The admiral in charge of the Guantanamo military detention center said he doubts Thursday’s Supreme Court ruling on presidential authority will have any effect on his operations. But a Bush administration lawyer wasn’t as sanguine, saying about the decision, “It’s very broad, it’s very significant, and it’s a slam.”
GUANTÁNAMO BAY, Cuba, June 29 ? As the Supreme Court prepared to rule on the Bush administration’s plan to try terror suspects before special military tribunals here, the commander of Guantánamo’s military detention center was asked what impact the court’s decision might have on its operations.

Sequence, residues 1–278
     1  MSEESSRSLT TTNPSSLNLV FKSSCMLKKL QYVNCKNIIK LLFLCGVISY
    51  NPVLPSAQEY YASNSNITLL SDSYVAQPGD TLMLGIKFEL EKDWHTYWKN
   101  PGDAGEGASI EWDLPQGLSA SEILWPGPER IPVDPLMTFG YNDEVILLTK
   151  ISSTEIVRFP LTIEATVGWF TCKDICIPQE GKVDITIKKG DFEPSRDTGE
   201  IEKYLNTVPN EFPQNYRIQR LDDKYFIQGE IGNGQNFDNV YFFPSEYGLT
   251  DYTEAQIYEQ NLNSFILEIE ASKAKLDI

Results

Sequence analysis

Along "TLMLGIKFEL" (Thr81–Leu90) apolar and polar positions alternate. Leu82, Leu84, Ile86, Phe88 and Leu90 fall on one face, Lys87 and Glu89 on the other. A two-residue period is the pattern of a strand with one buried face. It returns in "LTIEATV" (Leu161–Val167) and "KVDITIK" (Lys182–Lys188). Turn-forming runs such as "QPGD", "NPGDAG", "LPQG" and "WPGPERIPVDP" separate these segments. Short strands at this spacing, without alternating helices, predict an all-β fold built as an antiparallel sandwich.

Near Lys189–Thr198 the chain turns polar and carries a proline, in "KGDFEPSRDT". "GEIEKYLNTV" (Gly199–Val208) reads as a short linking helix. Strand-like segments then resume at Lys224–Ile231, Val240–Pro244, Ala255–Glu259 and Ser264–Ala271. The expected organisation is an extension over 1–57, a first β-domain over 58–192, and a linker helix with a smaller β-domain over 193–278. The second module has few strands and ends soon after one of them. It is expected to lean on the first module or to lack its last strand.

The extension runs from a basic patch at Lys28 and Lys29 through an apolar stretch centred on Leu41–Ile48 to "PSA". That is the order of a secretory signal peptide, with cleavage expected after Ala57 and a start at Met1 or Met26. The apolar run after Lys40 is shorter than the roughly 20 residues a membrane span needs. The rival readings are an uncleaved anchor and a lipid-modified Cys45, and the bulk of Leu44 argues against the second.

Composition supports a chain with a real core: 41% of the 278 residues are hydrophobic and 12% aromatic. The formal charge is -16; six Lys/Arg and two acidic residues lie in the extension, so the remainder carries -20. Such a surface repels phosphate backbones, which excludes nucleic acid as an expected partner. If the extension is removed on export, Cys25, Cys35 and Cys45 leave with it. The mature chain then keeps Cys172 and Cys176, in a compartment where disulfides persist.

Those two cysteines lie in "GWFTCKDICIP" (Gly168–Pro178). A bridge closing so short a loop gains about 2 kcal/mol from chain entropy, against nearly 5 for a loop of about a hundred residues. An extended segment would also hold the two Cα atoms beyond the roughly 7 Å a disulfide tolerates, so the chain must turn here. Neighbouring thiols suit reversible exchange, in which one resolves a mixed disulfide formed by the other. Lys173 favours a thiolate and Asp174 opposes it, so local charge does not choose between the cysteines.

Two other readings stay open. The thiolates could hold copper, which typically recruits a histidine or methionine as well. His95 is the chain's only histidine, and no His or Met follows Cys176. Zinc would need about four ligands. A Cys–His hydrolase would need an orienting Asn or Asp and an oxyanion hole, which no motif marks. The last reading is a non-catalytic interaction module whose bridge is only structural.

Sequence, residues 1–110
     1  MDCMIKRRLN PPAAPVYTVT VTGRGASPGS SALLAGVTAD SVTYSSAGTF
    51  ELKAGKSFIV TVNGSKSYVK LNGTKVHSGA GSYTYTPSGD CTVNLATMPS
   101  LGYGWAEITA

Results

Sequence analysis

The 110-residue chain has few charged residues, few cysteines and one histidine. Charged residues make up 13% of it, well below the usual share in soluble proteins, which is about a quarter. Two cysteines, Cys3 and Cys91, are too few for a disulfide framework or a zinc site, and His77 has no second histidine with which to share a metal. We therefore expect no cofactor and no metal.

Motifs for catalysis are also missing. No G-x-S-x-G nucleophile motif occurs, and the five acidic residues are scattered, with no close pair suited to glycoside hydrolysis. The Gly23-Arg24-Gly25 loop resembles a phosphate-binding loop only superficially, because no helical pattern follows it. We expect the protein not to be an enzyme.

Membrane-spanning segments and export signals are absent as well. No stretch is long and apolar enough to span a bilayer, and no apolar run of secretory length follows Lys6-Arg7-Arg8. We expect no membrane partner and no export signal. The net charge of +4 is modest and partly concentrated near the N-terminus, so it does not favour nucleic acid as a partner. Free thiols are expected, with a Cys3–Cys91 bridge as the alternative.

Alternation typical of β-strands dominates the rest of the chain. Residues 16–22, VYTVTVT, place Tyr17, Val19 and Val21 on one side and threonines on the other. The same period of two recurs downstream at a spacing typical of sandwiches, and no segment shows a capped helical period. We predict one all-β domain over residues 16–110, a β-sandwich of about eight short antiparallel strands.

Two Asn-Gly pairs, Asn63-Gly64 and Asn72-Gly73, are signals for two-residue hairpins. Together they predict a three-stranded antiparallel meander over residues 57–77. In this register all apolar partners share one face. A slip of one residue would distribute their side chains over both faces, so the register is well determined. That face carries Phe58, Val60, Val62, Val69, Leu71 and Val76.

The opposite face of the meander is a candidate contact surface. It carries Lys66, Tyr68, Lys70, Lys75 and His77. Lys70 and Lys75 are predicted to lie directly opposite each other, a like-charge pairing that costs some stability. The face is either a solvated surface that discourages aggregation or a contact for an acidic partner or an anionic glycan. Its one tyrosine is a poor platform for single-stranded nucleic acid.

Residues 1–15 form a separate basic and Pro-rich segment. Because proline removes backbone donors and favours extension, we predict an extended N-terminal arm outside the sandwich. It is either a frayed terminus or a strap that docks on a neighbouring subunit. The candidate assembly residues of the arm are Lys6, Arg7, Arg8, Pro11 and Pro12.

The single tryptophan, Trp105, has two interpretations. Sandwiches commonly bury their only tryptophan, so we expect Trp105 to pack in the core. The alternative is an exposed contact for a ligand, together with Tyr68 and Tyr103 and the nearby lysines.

“If they rule against the government, I don’t see how that is going to affect us,” the commander, Rear Adm. Harry B. Harris, said Tuesday evening as he sat in a conference room in his headquarters. “From my perspective, I think the direct impact will be negligible.”
The Defense Department repeated that view on Thursday, asserting that the court’s sweeping ruling against the tribunals did not undermine the government’s argument that it can hold foreign suspects indefinitely and without charge, as “enemy combatants” in its declared war on terror.